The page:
I had the pleasure of Cameron Brewer‘s company at a looong lunch at the Auckland Club a while back — a gaggle organised by David McEwen. (Thanks again, David.)
He’s an ebullient, engaging guy — and pretty clean-cut, it seemed to me. Just like his well-designed billboards, one of which I spotted yesterday.
I may or may not share his politics (I don’t know). But if local body politics is what he wants, good luck to him, I say. We could do a lot worse.
University of Canterbury, Christchurch — earthquake damage. Just two of the shots …
Imagine if it had struck at 4.35 PM instead of 4.35 AM. Imagine if that was your workstation. So lucky.
Photos: University of Canterbury, via NZ Herald (click for more).
I just wanted to share this pic from a walk yesterday.
The sight of new blossoms springing from an old, severely-pruned (hacked?) tree near Macleans Reserve spoke to me.
Not in a melancholy way — although it was my second Father’s Day without one, which I felt — but in an encouraging way.
That gnarled old tree, moss-covered and chopped back so heavily (but with good roots) was doing its bit for Spring. Putting it out there. Great.
Now that I write this, it reminds of the line the BMX kid tells Frosty Man …
You’re never too old, bro.
You’re never too old.
To quote Robbie Burns:
Oh wad some power the giftie gie us
To see oursel’s as others see us!
It wad frae monie a blunder free us,
And foolish notion.
With appreciation to Steve Goodey for offering me a gift this week. I mean it. Thanks for the feedback.
Steve still hasn’t published my 31 August comment in reply to his ‘smear smite and bash’ post about thePaepae.com … a full five days later, it’s probably a lost cause.
So I guess in Steve Goodey-speak “I’d really like to hear your opinion” … translates as “I’d really like to hear your opinion unless you’re Peter Aranyi (or you disagree with me)”?
That’s a pity — and contrasts with the approach I try to take with critics (even ‘Anonymous 3.27am‘ and ‘Slapper’) — which has no doubt been influenced by my background and experience. Refer to my former ‘Morning Report’ colleague Kim Hill’s comments about public disagreements quoted in this post. – P
Respected business journalist/commentator Rod Oram’s assessment of the collapse of the HUGE South Canterbury Finance and supremo Allan Hubbard’s role in the demise is less confrontational than Bernard Hickey’s Please say sorry and thanks ‘open letter’ piece — but in its way, just as scathing.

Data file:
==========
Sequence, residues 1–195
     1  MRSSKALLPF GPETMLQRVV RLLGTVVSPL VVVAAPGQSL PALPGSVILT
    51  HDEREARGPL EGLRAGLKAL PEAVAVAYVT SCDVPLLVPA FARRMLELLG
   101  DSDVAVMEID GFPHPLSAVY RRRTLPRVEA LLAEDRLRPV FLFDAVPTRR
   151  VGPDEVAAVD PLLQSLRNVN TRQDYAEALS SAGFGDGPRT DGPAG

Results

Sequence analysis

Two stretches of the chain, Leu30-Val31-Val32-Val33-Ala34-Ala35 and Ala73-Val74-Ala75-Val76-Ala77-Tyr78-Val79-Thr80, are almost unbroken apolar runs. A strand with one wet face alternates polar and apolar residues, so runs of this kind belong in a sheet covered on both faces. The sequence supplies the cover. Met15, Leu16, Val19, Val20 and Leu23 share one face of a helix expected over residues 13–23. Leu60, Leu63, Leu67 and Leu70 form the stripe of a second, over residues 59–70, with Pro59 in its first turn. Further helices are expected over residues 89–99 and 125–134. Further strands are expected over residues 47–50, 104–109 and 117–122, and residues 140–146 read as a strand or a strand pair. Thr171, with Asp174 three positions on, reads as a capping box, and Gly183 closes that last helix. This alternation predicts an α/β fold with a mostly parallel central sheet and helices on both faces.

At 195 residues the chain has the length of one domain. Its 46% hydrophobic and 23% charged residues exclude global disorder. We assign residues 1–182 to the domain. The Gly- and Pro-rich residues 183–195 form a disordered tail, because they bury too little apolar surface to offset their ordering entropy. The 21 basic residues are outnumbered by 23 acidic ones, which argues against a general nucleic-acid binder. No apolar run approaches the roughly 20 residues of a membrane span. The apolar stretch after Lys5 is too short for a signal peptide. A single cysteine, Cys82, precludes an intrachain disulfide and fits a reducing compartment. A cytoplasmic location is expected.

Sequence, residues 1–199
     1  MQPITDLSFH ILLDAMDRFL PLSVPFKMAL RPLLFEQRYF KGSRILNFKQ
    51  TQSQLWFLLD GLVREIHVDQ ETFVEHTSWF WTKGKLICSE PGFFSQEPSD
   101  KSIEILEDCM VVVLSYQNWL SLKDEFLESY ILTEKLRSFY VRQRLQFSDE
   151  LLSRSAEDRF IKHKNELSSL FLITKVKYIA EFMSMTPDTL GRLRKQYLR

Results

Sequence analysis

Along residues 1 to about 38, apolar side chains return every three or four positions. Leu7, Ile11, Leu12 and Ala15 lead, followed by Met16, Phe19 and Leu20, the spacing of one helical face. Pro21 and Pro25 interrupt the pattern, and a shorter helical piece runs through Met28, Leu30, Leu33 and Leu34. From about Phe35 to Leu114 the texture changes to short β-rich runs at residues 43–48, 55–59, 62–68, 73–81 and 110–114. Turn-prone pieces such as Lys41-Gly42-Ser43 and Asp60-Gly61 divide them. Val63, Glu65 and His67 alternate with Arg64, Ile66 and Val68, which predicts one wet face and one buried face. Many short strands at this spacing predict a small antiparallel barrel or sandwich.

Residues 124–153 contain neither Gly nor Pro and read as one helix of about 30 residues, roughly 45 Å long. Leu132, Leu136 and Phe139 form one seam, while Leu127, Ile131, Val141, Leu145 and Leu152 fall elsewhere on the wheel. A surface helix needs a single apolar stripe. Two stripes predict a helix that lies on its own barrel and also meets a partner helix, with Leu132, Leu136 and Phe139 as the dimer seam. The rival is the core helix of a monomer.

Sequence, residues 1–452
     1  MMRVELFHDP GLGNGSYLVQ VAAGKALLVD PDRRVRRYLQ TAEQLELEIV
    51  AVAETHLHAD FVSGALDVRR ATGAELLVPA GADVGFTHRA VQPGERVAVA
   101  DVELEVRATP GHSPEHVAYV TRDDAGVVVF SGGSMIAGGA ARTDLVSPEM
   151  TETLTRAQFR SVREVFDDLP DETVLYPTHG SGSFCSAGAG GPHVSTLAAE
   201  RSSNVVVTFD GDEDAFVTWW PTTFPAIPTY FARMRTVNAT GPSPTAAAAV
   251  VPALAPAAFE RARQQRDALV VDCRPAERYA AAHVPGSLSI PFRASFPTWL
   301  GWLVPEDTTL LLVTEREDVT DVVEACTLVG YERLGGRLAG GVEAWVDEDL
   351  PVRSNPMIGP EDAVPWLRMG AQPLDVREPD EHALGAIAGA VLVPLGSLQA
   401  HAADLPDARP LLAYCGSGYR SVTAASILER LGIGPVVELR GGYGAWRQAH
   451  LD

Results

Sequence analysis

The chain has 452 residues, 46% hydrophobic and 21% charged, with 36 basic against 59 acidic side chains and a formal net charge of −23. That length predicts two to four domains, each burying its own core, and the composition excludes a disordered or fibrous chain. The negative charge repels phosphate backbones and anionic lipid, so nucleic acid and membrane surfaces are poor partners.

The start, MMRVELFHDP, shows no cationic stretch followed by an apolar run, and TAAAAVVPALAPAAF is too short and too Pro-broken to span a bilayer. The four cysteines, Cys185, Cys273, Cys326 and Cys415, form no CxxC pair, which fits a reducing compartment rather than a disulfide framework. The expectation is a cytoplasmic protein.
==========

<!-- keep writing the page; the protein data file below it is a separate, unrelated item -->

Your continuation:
Failing to respond to criticism has become one of the themes of this blog, and Allan Hubbard’s story could serve as a salutary lesson (yes, I know that’s a ciché) to those whose response to awkward questions is to pull up the drawbridge.
As I said earlier, I don’t know enough to make a judgement about Allan Hubbard — and anyone who has been in a financially tight situation, with cash flows turning against you and pressure building MUST sympathise with the circumstances he found himself in and the heavy personal cost. I certainly wish him no ill.
Hubbard was chairman of South Canterbury Finance until earlier this year; his board was small and made up of local business partners and friends; a high proportion of its lending was to related parties; its auditor was a tiny Timaru accounting firm and its trustee was Hubbard’s second employer as a young man.
Hubbard’s fierce loyalists say that’s how business is done locally. Sadly, that’s true. That might be OK for a small business owner when he’s on personal terms with all his lenders and borrowers.
But it was no way to run South Canterbury Finance, even back in 2000 when it had only $400m of assets. And once it began soon after to aggressively drum up deposits [Comment: SPRUIKING, in other words?] and seek ever-riskier investments, it started down the slippery slope to failure. Continue reading →
Last night I was packed into a school hall with a bunch of my neighbours — not because we’d been evacuated from earthquake-damaged homes like the afflicted of Canterbury, although they were on our minds — as part of the audience of a very clever, well-written and well-delivered ‘romp through the pages of our history’.
Te Radar’s Eating the Dog show was a delight. Packed with wit and banter, oozing with quirky facts and wry observations, this show really did have something for everyone. Raconteur and satirist Te Radar was wearing his full ‘likeable twit’ persona (and historical costume complete with #1 Shoe Warehouse women’s boots [$49.95] he revealed), skilfully navigating a multi-media show that was funny, informative and thought-provoking … and good history.
Being a sickly white liberal myself (to reclaim Winston Peters’ term as a badge of honour), I enjoyed his obvious respect for the Maori dimension of this country’s short recorded history. He weaved an honourable, fair-to-all-sides picture of some the events he discussed in his exploration of ‘the bumblers and the near-do-wells [sic], who personify the archetypal “she’ll be right” spirit that epitomises this country’.
Good on him. Get along to a show if you can. You’ll enjoy it. He’s currently on tour as a fund-raiser for Scouts, which is what last night’s gig in Howick was. There’s a Tour Schedule on his website cunningly disguised as www.radarswebsite.com